McNally, showing the women in class how to properly take down an assailant. “The next thing you want to do is go for the throat. What I like to do is take my elbow and place it in their throat, like this.” Here, McNally bends his arm and thrusts the inside of his elbow into his volunteer’s throat. “Then I reach out and grab their hair at the top of their head.”

“Yeah,” adds McNally, “you really want to drive their head into the ground.” And at this point I’m asking myself one simple question: why in the name of all things holy did I sign up to be a tackling dummy?

Clay McNally first started offering his services in teaching self-deCONTINUED ON NEXT PAGE »

6 MAR 22 – MAR 27 NEWS + OPINION

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ARTS

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FOOD + DRINK

MUSIC

LISTINGS

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COMICS

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fence courses back in 2009. “When I got back out of depot in Regina [the RCMP training program] I was showing some girls a few self-defense techniques,” explains McNally, who, it bears mentioning, also happens to have a 3rd Dan black belt in Taekwondo. “They told me there were no self-defense courses for women.” So a light went on, and he created In Charge Self Defence, a program that is designed specifically for women. In Charge takes the best from Taekwondo, karate, kick boxing, Krav Maga and the RCMP training program, and fuses them together to form a unique and practical selfdefence course. As for why I was attending a program like this, well, it’s because of some unsettling news that I read about Saskatchewan. In case you haven’t heard, recent reports from Statistics Canada say our province has the highest rate of violent crimes against women in the country. How high? Well, according to police reports, there were 11,294 female

victims of crime in 2011, giving Saskatchewan a rate of 2,681 per 100,000 residents. The national average was 1,207 per 100,000 residents. In case your math skills aren’t up to par, that’s over double what the rest of the country sees. So I went to In Charge to see what women were doing to defend themselves against this heinous and unnecessary problem. And as it turns out, some are doing quite a lot. Not only are these women learning how to kick butt and take names, at In Charge — and other self-defence courses around the province — they’re also learning how to spot danger and avoid it if possible. “We teach them to keep their heads up while walking,” explains McNally. “Be aware of what’s going on around you, so you won’t put yourself in a situation that may bring harm.”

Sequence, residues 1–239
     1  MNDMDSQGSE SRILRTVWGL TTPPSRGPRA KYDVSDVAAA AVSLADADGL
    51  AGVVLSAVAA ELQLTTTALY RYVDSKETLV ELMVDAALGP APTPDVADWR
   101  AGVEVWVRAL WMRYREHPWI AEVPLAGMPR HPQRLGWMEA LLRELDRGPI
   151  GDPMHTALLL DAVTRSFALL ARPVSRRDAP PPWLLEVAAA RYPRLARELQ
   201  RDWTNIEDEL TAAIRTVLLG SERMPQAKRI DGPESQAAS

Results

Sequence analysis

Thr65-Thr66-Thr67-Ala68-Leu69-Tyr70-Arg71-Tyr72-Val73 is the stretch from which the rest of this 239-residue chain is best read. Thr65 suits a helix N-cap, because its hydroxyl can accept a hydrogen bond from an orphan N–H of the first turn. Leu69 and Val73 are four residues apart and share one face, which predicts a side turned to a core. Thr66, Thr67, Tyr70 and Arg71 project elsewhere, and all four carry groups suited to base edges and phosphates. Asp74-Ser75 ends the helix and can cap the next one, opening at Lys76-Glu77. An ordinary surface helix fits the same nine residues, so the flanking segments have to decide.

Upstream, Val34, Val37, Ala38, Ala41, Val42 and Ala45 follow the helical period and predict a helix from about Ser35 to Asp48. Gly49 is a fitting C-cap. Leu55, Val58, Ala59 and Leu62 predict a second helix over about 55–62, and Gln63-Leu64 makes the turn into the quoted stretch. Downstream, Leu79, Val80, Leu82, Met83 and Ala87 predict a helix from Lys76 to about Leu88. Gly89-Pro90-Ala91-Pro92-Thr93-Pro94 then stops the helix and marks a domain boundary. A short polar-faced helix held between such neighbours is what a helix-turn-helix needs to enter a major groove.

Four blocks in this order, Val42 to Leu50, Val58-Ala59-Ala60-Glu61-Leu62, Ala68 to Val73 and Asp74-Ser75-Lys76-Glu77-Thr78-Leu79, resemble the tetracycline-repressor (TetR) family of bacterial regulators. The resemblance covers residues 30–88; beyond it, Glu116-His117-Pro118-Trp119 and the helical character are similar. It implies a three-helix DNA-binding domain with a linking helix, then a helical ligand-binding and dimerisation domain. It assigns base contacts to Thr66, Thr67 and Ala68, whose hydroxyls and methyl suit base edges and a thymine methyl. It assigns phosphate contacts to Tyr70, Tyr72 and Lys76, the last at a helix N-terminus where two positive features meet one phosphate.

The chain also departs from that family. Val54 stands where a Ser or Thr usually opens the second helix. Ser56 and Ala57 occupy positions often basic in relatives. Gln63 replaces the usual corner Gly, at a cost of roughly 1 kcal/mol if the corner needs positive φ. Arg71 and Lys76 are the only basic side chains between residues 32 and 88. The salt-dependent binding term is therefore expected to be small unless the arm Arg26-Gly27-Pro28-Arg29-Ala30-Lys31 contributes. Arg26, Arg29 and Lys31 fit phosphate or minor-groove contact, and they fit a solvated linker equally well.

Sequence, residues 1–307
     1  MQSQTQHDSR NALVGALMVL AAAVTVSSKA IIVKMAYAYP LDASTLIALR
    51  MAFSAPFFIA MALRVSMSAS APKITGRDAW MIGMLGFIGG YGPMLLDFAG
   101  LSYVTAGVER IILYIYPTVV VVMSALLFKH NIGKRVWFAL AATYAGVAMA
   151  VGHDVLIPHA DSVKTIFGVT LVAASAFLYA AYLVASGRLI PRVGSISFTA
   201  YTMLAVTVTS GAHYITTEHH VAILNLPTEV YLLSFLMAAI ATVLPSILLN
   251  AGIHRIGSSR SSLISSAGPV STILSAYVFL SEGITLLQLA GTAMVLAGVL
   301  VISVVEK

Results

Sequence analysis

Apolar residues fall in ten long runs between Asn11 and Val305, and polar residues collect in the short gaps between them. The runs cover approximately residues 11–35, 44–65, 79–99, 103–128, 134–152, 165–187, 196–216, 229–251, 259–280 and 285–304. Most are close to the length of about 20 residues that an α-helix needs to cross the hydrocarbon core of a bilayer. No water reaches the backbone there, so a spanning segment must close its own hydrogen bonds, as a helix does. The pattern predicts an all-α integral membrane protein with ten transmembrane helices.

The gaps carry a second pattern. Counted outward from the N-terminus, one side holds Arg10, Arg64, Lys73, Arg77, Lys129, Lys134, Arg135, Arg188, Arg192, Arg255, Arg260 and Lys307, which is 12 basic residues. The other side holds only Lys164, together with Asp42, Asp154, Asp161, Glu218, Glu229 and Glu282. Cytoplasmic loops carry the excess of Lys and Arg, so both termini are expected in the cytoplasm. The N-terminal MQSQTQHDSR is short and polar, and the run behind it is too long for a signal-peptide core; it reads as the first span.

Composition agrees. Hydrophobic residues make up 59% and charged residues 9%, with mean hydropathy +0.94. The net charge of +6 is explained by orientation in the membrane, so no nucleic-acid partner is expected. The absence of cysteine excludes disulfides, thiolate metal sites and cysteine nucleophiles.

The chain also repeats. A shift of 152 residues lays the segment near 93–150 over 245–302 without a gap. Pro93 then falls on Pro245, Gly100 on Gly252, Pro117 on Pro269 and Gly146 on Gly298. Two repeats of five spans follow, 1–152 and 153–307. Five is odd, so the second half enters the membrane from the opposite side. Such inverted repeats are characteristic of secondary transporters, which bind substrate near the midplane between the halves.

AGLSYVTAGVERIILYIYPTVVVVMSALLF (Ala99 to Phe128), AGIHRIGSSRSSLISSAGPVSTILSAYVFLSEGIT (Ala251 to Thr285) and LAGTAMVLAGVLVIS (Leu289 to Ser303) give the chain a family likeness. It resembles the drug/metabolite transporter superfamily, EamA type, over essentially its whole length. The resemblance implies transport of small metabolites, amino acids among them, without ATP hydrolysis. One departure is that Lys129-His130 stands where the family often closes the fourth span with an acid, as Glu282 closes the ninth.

body. A small, but feisty woman with brown hair and a pink shirt puts her right foot behind mine and rams her arm into my throat. Grabbing me by the hair, she lunges forward, driving me hard into a thin, blue crash mat. Oomph! My head smashes against the ground as the air in my lungs makes an unscheduled exit. I groan, roll to my stomach, get to my feet. The next time she tackles me, my back cracks hard against the ground. An electric shock jolts from my lower spine, down my leg, and into my feet. And in that moment, lying there on the floor, teeth clenched in pain, I pity any person who would attempt to attack a woman who’d been through McNally’s self-defence course. He’d be in for a world of hurt. Feedback? Text it! (306) 881 8372

And speaking of harm, back at the self-defense class the participants are inflicting serious harm on my poor

@AdamHawboldt ahawboldt@verbnews.com

7 MAR 22 – MAR 27 /VERBSASKATOON

CONTENTS

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EDITORIAL

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Q+A

ARTS

COVER

FOOD + DRINK

MUSIC

LISTINGS

FILM

NIGHTLIFE

COMICS

TIMEOUT

NEWS + OPINION


EDITORIAL

PRISON BREAK

Lowering Saskatchewan’s incarceration rate will require a massive change to our penal system

I

f you’ve been paying attention to the news lately, you’ll know one thing is certain: it’s about time we did something about the incarceration rates in this province That’s because, according to Statistics Canada, Saskatchewan has the second highest incarceration rate in the entire country (195.2 per 100,000 people), behind only Manitoba. Our prisons are overwhelmed with a population that just keeps growing, and the current system is clearly failing. So change needs to happen. And you know what? The province’s 2011 Building Partnership to Reduce Crime strategy is a proactive measure, and a good place to start. Dealing with high-risk factors in the community as a means of preventing crimes before they are committed is admirable, and may very well end up doing some good. But it’s not enough. To us, simply trying to prevent crimes only takes us halfway — the

fact of the matter is, some people are going to end up in jail, no matter how many preventative measures are in place. And let’s face it — our current prison system is not designed to aid inmates in transitioning back to society. Jails are a grown-up version of detention: you pay for your crime, but that’s pretty much it. In fact, in The Effects of Prison Sentences on Recidivism, a study out of the University of New Brunswick and the University of Cincinnati, researchers found that a stint in prison should not be expected to reduce criminal behaviour. All of this leads back to our belief that in order to lower our province’s bloated incarceration rates, we need to fundamentally adjust our prisons. So what we’re proposing is a twopronged approach, the first of which would involve putting non-violent, non-dangerous prisoners to good use. We’ve already advocated for doing away with mandatory minimum sentences, which overwhelms our